Put on your respirator, it's go time! This stuff is nasty, so you'll be glad you have the respirator. Start by applying a light coat, using even back and forth strokes. Allow it dry for 10 minutes. Repeat this step 6 to 7 more times, the final two coats can be a little heavier to give it that wet look. Make sure you do a good visual inspection after each coat, even with all the prep work, I still found a dog hair after the third coat. I was able to remove it by lifting it out with a pin while it was still wet and then hit with a shot of clear. I couldn't tell where it was at by the next coat so crisis averted.

Step 4: Drying

The wing itself should be dry to the touch after a couple of hours so the threat of dust or hair is over. For acrylic clear, it takes 30 days to officially "cure" if you don't have a way to bake it, 45 days if you're in a cooler climate. During this time the clear is hardening and leetching out the chemicals in it, if you did a good job applying it, you won't have to worry about the orange peel effect and you'll have a nice smooth finish. If you do get some orange peel or you have some visible dust, at the end of 30 days get out your 800 grit sandpaper. I wasn't nearly that patient so I started in after two weeks of dry time. The 800 grit will remove orange peel and dust. Don't be alarmed that you are dulling the finish! When you're done with the 800, use the 1500 to smooth out any scratches left and then move to the 2000 grit to give it that glass finish. There is still going to be some scratches or swirl marks so this where the Meguiar's #7 comes in. Work the surface with the Meguiars on a cloth then move to an applicator sponge. The orbital buffer really comes in handy at this stage. If you're happy with the finish then you can go ahead and apply several coats of your favorite wax.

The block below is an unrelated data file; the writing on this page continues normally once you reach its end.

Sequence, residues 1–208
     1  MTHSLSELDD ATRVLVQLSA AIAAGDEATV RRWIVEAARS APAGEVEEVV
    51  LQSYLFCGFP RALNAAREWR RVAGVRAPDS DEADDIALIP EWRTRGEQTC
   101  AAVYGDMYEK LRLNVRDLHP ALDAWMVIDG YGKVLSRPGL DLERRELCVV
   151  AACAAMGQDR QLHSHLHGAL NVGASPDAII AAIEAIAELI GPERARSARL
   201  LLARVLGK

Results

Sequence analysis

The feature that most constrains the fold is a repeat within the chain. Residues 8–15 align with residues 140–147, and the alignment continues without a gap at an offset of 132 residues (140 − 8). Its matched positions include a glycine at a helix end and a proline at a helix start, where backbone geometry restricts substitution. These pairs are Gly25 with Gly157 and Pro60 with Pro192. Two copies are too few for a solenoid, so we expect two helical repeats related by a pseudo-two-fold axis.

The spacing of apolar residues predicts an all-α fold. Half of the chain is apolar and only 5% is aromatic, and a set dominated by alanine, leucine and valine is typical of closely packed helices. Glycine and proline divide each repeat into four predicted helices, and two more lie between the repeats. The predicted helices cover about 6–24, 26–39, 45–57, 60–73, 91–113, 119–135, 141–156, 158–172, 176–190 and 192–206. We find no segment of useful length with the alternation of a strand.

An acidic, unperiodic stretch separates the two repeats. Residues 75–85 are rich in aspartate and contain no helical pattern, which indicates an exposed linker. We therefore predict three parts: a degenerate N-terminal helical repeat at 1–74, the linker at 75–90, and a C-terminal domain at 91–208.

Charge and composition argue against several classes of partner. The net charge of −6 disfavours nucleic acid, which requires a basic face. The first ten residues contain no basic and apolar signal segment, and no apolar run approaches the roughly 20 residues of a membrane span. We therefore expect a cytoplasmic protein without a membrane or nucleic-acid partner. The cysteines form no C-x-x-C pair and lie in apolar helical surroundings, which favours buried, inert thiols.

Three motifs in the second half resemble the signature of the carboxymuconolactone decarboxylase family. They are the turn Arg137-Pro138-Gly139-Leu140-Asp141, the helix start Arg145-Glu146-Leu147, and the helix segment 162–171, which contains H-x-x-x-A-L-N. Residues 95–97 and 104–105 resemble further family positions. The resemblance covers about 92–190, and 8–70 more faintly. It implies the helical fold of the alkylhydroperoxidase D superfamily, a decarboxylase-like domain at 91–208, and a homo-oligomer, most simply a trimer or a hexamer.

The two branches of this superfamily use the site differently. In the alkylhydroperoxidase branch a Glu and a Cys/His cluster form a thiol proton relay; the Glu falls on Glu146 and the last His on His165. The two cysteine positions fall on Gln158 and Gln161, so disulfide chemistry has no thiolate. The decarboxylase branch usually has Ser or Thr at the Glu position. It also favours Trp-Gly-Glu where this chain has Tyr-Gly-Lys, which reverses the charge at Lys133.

In harsh light you can still some scratch marks in the carbon so I'll probably have to do some more buffing but for the most part I'm pretty happy with the results. If you have any questions or comments, let me know! One last thing, I could probably talked into to doing this again if you're not feeling up to all of this work!

After all of this work, you should have an end result that looks like this:


78 Posts
Discussion Starter · #2 ·
As a follow-up, it's been a month now since I bolted the wing back onto the car and the clear coat has officially cured. No orange peel or bubbling, everything is holding up very well.